After waking us up to their favorite Brazilian novelists, the editorial board at Granta is turning its gaze to Norway. In the first issue of Norwegian Granta, you’ll find a slew of stories by illustrious contributors (among them Jennifer Egan, Roberto Bolano and Alice Munro) alongside new stories from authors native to the country. At Granta’s website, you can read an interview with the magazine’s online editor, Ted Hodgkinson.
How did Neil Gaiman and Dave McKean create one of DC’s most popular comics in history? The Guardian finds out the inspiration behind The Sandman. McKean shares the stories behind his favorite covers, and Gaiman also addresses his resemblance to Dream. “I suppose he looks like me, though. But that’s one of those peculiar things where you gradually start to look like your dog.”
Why did Richard Brautigan’s friends eventually stop inviting him to parties? Was it because he got drunk? Was it because he brought too many friends? Or was it because, as Michael LaPointe suggests in his review of Jubilee Hitchhiker: The Life and Times of Richard Brautigan, he liked to pack a revolver?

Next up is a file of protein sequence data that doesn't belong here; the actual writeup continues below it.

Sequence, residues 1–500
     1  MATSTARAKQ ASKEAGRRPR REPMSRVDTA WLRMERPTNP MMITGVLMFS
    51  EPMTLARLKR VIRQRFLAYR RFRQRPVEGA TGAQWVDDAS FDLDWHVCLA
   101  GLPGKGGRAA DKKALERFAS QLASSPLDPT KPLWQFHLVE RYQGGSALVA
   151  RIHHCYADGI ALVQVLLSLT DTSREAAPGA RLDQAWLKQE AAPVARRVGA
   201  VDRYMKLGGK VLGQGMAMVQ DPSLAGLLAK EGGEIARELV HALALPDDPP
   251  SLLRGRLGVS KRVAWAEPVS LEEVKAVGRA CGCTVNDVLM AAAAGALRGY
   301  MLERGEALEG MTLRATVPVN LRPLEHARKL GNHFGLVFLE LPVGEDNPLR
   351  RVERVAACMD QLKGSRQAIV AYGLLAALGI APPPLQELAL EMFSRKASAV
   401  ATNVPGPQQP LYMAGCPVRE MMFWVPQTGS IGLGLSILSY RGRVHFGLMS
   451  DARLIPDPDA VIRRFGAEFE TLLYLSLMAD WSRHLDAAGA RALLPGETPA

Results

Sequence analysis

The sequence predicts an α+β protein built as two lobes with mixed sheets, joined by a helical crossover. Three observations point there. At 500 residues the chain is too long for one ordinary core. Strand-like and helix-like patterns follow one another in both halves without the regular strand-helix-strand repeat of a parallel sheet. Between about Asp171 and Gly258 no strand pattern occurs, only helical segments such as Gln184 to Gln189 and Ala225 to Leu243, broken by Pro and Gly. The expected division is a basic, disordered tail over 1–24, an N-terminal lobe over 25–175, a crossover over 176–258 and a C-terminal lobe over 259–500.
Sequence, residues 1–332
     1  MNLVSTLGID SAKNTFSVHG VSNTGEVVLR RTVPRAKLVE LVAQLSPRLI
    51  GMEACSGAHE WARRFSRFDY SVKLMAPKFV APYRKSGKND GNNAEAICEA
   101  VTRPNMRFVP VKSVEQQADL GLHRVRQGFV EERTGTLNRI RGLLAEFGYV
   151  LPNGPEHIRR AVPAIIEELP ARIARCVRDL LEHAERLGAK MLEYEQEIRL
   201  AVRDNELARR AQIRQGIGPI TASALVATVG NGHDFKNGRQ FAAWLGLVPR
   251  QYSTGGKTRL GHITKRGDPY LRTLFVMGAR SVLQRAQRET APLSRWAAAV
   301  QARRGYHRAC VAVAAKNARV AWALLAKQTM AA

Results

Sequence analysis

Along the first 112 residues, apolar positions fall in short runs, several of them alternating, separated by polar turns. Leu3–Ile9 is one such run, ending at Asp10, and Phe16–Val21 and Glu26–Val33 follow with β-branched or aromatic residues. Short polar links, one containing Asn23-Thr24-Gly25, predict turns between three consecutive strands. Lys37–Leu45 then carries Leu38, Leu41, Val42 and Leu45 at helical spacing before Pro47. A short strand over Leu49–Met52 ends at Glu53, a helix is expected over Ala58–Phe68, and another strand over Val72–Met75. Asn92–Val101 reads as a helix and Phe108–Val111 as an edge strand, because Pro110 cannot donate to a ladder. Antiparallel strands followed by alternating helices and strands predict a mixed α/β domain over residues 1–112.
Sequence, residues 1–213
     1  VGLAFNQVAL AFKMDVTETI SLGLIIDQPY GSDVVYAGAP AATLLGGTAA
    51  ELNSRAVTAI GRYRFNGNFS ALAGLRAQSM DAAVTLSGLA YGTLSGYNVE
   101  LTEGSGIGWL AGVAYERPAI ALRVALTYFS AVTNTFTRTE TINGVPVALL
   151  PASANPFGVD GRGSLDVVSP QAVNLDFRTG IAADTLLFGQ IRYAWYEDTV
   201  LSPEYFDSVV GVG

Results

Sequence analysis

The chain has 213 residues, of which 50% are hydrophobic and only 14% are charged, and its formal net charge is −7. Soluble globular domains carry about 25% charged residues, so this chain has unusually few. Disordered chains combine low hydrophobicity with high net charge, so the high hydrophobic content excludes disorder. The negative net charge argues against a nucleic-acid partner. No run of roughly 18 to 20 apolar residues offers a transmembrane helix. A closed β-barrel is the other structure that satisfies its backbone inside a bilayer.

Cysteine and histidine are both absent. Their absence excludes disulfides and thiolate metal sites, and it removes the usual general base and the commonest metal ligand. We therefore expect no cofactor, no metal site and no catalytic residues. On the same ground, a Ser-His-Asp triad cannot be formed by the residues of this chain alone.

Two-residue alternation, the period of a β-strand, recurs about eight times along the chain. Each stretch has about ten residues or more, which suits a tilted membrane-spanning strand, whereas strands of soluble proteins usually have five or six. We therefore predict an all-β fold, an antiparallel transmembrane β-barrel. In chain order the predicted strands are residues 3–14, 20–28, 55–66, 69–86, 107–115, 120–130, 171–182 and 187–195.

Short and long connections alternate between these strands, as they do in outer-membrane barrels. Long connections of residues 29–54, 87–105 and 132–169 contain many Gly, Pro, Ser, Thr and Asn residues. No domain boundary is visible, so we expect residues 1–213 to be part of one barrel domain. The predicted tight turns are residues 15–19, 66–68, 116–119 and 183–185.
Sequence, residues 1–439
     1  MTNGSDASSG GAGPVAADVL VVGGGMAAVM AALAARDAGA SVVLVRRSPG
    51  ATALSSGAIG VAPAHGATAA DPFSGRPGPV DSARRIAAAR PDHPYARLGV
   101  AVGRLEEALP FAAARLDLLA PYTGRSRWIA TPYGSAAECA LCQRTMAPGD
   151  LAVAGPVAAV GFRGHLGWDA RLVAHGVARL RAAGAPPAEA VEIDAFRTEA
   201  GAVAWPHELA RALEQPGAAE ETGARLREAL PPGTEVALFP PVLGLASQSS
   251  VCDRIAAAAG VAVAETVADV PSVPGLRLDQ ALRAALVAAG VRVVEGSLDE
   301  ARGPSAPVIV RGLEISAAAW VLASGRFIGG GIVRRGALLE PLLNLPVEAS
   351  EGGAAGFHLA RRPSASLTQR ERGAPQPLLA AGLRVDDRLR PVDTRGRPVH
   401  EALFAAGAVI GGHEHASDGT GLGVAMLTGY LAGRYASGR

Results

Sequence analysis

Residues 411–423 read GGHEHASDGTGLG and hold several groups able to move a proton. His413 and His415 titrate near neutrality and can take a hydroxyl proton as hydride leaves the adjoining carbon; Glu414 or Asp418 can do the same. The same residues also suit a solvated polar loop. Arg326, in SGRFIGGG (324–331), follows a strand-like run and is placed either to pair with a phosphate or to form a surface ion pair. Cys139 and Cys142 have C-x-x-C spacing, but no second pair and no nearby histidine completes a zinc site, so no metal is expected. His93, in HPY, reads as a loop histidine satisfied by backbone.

Online used book marketplace AbeBooks rounded up the most expensive books sold via its site in October. At the top is a collection of Scottish music from 1782 that went for $8,500. Also on the list are some collectible Tolkien and Hemingway. (Thanks, Laurie)
On Zadie Smith in the Guardian: The new novel arrived fully-formed: Zadie Smith woke up one morning, and On Beauty was all there, in her head. She wanted to write a long marriage – she’d just got married herself, was curious what 30 years of it would be like – and she had a plot. When she described it to her new husband, poet and novelist Nick Laird, however, he pointed out she was simply rewriting Howards End. But she has never been afraid of tribute, and [E.M.] Forster was a “first love”; she had a couple of serious wobbles but this did not put her off.The Guardian also gives the book a good review. On Beauty comes out September 13.Every once in a while I spot an interesting looking item in those ads at the top of the page. Today I saw one for Out of Eden: Odyssey of Ecological Invasion by Alan Burdick. It looks like the sort of book you’d like if you like Jared Diamond’s books. It describes how different invasive species have managed to relocate to new parts of the globe.Tattoos and literature are becoming ever more enmeshed, it seems. Recent novels by Jill Ciment and John Irving dwell on tattoos, and now a Brooklyn writer, Shelley Jackson, “has been having volunteers tattooed with individual words of her 2,095-word short story (“Skin”) since 2003. Only 700 words remain to be tattooed.” Read about it here.Another online book-tracking and tagging application: Reader2